About this time last year, David and I sat in a nice restaurant and enjoyed one of our favorite traditions as we waited for our meals. Typically when we celebrate our birthdays, we ask each other questions like, “What was your favorite part of last year?” and “What did you learn since your last birthday?”
I didn’t think twice when he asked me, “What are you most looking forward to about next year?” Without hesitation I answered, “Having a baby”. It felt surreal to say the words, especially since the journey to both of us being “ready” had its fair share of twists and turns. As we sat in anticipation together on my twenty-sixth birthday, it never dawned on me that I’d be approaching twenty-seven without a baby in my arms.
Dr. Brené Brown made the astute observation that “scars are easier to talk about than they are to show.” She added, “Rarely do we see wounds that are in the process of healing.” On the rare occasion that an open wound is uncovered, it tends to be met with either tactless intrigue or unapologetic disgust. We stare too long or we can’t look at all. I’m usually in the second category.
Since the beginning of our struggle fifteen months ago, I’ve mostly kept my wounds covered. I feared the stares, and I dreaded the turned heads. I wanted to protect our privacy. I didn’t want others to feel uncomfortable. I was waiting for our story to have a happy ending before it was told.
My tune has changed in recent days, thanks in part to Dr. Brown’s insight. Her writing brought to mind the apostle Paul’s well-known words: “[The Lord] said to me, ‘My grace is sufficient for you, for my power is made perfect in weakness.’ Therefore I will boast all the more gladly of my weaknesses, so that the power of Christ may rest upon me. For the sake of Christ, then, I am content with weaknesses, insults, hardships, persecutions, and calamities. For when I am weak, then I am strong” (2 Corinthians 12:9-10).
Like Dr. Brown wrote, it’s not always easy to show our scars, much less our open wounds. Sometimes, though, it’s worth giving others a glimpse of our brokenness “for the sake of Christ”.
A year and a half ago I read a tweet by Sara Hagerty, and at the time I didn’t imagine my experience would resemble hers in any fashion. Although life has taken an unexpected turn, I haven’t forgotten what she wrote: “If knowing Him more intimately is my end goal, there’s not one single thing I will face today that can’t serve to draw me into this.”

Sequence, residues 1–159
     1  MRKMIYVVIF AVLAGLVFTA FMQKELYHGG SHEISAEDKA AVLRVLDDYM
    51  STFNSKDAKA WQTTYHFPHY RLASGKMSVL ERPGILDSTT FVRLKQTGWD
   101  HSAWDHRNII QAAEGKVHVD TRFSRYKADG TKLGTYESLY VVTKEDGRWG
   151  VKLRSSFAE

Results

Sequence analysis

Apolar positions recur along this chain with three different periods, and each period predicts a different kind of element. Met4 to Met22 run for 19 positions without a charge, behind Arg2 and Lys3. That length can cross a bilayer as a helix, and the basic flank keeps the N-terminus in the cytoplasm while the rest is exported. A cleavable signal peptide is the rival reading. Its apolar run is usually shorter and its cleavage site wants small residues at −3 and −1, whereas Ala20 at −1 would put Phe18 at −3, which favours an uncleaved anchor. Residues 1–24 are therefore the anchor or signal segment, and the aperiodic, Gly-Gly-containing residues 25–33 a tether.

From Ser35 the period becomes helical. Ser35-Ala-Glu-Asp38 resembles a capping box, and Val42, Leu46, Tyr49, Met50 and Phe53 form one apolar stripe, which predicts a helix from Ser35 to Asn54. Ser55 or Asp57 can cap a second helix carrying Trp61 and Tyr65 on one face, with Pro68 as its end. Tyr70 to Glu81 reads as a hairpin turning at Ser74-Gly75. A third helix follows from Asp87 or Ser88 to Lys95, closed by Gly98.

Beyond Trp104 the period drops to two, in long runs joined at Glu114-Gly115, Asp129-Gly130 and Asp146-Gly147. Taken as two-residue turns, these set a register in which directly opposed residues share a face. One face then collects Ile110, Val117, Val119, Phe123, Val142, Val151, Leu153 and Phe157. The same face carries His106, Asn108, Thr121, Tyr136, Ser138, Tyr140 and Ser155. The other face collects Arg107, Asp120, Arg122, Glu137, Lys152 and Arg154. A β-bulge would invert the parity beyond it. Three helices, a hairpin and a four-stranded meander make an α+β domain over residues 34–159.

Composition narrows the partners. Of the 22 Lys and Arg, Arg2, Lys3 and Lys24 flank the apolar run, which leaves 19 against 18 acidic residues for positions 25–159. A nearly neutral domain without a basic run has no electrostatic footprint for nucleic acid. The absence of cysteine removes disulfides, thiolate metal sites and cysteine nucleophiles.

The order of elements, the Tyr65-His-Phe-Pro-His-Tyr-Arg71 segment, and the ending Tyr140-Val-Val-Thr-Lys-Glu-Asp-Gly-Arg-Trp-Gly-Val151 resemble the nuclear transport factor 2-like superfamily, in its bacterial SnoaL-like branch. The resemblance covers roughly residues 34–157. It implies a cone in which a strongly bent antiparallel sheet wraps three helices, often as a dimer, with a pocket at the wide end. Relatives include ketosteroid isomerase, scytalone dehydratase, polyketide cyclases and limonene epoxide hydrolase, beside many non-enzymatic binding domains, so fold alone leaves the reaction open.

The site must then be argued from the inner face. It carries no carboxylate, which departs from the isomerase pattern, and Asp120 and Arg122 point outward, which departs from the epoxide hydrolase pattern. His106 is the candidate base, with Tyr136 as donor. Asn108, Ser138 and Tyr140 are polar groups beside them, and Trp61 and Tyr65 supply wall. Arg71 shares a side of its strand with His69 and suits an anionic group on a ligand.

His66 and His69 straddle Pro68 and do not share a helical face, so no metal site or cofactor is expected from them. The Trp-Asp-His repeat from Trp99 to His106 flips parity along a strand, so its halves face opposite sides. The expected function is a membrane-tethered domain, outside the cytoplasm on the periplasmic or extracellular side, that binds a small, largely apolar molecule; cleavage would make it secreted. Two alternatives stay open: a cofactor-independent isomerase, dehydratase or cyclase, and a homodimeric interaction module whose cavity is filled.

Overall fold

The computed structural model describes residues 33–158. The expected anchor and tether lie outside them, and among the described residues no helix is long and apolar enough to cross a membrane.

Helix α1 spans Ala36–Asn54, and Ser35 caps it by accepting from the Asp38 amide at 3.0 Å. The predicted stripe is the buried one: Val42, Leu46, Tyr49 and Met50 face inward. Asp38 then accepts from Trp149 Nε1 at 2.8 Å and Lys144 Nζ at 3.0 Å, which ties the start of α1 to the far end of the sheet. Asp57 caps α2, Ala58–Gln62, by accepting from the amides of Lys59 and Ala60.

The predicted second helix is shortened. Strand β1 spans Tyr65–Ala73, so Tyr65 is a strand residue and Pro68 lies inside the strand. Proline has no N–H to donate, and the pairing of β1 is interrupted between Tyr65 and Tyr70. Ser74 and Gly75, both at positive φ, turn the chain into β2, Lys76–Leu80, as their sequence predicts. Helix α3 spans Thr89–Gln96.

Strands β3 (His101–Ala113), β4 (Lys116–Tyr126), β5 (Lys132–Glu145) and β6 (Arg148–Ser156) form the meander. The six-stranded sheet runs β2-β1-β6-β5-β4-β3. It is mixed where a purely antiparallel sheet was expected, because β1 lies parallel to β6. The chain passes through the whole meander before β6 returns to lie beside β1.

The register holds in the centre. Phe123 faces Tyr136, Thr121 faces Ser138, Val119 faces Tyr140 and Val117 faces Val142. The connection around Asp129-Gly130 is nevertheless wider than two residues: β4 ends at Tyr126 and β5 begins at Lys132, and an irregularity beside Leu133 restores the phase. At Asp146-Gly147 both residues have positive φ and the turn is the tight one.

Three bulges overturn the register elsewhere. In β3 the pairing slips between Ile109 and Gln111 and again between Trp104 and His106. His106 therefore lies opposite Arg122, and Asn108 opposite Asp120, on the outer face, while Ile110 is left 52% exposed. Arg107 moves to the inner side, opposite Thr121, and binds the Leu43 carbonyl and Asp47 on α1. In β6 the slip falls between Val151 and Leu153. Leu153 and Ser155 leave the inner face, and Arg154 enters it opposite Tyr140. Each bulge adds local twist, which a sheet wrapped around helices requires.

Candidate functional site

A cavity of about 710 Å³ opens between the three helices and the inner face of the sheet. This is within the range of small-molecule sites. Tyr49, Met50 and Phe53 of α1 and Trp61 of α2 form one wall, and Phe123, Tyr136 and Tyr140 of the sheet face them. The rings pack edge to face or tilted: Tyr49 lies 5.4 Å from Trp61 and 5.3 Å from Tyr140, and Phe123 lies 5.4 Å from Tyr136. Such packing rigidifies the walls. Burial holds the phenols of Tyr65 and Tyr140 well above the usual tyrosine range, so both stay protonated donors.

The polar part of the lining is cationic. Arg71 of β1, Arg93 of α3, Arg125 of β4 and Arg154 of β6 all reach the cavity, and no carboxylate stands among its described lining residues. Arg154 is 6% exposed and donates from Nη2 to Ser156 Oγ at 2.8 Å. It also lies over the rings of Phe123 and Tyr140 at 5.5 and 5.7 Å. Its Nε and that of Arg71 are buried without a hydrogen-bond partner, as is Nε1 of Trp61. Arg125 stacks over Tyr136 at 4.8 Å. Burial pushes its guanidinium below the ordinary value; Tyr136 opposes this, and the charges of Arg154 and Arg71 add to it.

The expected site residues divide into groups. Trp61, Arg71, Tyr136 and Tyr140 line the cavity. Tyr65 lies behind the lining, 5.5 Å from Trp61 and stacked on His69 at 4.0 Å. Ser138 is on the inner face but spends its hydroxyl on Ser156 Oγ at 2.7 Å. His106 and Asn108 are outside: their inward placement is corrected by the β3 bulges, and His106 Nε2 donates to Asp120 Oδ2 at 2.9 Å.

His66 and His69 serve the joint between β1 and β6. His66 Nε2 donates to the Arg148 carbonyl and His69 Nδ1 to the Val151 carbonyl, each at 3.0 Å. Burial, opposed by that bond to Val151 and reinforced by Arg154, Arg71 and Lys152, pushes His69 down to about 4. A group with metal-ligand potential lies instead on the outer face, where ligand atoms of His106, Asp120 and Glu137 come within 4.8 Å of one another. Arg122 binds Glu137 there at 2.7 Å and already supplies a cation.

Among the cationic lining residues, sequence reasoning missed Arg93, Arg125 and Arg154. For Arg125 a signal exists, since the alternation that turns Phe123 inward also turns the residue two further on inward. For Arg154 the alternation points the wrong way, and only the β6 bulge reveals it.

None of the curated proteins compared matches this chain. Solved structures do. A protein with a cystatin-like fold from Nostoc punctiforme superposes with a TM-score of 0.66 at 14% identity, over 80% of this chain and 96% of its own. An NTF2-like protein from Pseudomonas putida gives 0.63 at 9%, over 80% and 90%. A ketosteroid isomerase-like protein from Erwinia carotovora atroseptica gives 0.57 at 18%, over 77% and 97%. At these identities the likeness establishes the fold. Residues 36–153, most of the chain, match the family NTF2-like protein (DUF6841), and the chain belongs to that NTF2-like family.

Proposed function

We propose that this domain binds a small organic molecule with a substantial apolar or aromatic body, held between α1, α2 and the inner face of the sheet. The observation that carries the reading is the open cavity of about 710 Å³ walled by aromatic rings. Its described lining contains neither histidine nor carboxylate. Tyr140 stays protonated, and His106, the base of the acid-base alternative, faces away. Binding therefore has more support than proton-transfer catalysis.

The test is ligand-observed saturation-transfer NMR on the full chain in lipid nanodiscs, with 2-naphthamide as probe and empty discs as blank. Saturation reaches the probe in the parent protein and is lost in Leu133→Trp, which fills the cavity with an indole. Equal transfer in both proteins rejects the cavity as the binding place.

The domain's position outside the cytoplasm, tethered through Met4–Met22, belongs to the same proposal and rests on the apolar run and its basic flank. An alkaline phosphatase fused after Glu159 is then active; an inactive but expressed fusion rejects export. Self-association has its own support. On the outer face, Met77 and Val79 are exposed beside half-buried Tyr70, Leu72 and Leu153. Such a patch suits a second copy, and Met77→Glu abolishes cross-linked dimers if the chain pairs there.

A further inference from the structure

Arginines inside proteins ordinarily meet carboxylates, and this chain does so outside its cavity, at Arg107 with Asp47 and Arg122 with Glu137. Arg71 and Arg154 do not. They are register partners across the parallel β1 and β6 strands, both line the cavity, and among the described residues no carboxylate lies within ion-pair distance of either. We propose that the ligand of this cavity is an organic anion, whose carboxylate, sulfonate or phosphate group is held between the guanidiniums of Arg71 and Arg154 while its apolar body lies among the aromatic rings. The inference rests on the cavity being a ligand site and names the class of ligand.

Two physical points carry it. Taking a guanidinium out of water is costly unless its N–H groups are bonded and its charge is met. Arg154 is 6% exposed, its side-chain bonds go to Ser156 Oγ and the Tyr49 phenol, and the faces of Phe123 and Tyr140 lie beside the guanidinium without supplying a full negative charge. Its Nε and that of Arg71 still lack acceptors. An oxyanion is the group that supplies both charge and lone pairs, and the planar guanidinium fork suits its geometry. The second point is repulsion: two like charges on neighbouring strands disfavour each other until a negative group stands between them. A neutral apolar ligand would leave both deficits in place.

Walking through what the doctors have labeled as “unexplained infertility” has allowed me to see God from a different angle and know Him more intimately as a result. Some of you may be able to recount God’s faithfulness from a similar vantage point. In fact, many have gazed at God from this perspective far longer than I have. Others of you have watched God prove His faithfulness from a totally different set of circumstances. Regardless of the specifics, every single situation we face is brimming with opportunity to know Him better.
When we open up about our lives and choose to show our scars – with wisdom and discernment, of course – we give others a snapshot of God’s character displayed in ways they may not have seen otherwise. And in so doing, we extend an invitation for them to know Him more intimately too.
Five words are at the forefront of my mind as I share our story – for the sake of Christ. Sure, we could wait around for the plot twist we hope is coming. Yes, we could keep quiet until we have a clearer picture of God’s plans for our family. But for the sake of Christ, we don’t want to wait anymore. And whatever your tendency – whether you’re prone to gawk or turn away – rest assured I’m not looking to get something from you, but to give something to you. I want to tell you what I’ve seen.
My circumstances have magnified God’s grace, goodness, loveliness, and sovereignty. My heart has caught a glimpse of the occupied throne of heaven, and because the One who sits on it does all things well, I’ve experienced a peace of mind I didn’t know was possible. Every morning has brought new mercies. I’ve tasted the love that’s better than anything this world has to offer. And the Word of God? It’s more powerful and more life-giving than I thought it was.
Don’t let me fool you. My view isn’t crystal clear. It continues to be blurred by tears, clouded by questions, and limited this side of heaven. But when I really look – even through the tears – this is what I see. “My ears had heard of you,” wrote Job, “but now my eyes have seen you” (Job 42:5).
I don’t know what you’ve experienced in the past or what you face today, but I do know your Father never turns a blind eye – whether your scars have healed or your wounds are fresh. “I will rejoice in your steadfast love,” David explained, “because you have seen my affliction; you have known the distress of my soul” (Psalm 31:7).
We aren’t guaranteed the ability to reproduce or cancer-free lives or full bank accounts, but we can live with the assurance that He sees, He knows, and He truly does care (1 Peter 5:7).
And that, my friends, really is enough.